The primary goal of this study was to demonstrate that endotracheal tubes coated with antimicrobial lipids plus mucolytic or antimicrobial lipids with antibiotics plus mucolytic would significantly reduce pneumonia in the lungs of pigs after 72 hours of continuous mechanical ventilation compared to uncoated controls.
Eighteen female pigs were mechanically ventilated for up to 72 hours through uncoated endotracheal tubes, endotracheal tubes coated with the antimicrobial lipid, octadecylamine, and the mucolytic, N-acetylcysteine, or tubes coated with octadecylamine, N-acetylcysteine, doxycycline, and levofloxacin (6 pigs per group). No exogenous bacteria were inoculated into the pigs, pneumonia resulted from the pigs’ endogenous oral flora. Vital signs were recorded every 15 minutes and arterial blood gas measurements were obtained for the duration of the experiment. Pigs were sacrificed either after completion of 72 hours of mechanical ventilation or just prior to hypoxic arrest. Lungs, trachea, and endotracheal tubes were harvested for analysis to include bacterial counts of lung, trachea, and endotracheal tubes, lung wet and dry weights, and lung tissue for histology.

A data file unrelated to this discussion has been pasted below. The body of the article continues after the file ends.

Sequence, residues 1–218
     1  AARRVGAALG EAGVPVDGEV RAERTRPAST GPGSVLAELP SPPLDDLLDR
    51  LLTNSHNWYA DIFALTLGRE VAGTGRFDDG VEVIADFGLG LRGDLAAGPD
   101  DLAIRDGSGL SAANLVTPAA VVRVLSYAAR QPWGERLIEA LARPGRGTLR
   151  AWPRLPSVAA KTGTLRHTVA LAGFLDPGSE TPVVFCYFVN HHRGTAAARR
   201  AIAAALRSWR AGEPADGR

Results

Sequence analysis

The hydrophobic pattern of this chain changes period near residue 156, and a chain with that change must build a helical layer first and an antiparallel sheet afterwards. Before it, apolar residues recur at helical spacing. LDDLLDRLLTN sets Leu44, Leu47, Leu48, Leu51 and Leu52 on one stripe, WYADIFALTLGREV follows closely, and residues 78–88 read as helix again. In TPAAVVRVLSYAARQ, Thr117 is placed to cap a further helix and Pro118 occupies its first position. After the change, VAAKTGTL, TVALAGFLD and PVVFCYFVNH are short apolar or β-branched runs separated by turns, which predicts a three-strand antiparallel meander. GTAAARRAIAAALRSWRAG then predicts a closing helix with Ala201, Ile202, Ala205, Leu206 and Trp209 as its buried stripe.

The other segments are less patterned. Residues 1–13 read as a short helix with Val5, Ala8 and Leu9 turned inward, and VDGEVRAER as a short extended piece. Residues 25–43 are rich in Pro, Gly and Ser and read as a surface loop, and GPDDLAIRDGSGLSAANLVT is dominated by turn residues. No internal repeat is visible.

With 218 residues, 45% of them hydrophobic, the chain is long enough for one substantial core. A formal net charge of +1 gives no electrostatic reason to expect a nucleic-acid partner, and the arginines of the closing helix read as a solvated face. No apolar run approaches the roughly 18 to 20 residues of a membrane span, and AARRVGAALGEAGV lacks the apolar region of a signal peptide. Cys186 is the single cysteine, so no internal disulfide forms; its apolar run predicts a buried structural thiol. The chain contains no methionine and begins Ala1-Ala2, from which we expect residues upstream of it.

Pigs ventilated with coated endotracheal tubes were less hypoxic, had less bacterial colonization of the lungs, and survived significantly longer than pigs ventilated with uncoated tubes. Octadecylamine-N-acetylcysteine-doxycycline-levofloxacin coated endotracheal tubes had less bacterial colonization than uncoated or octadecylamine-N-acetylcysteine coated tubes.
Endotracheal tubes coated with antimicrobial lipids plus mucolytic and antimicrobial lipids with antibiotics plus mucolytic reduced bacterial colonization of pig lungs after prolonged mechanical ventilation and may be an effective strategy to reduce ventilator-associated pneumonia.

Copyright © 2021. Published by Elsevier Inc.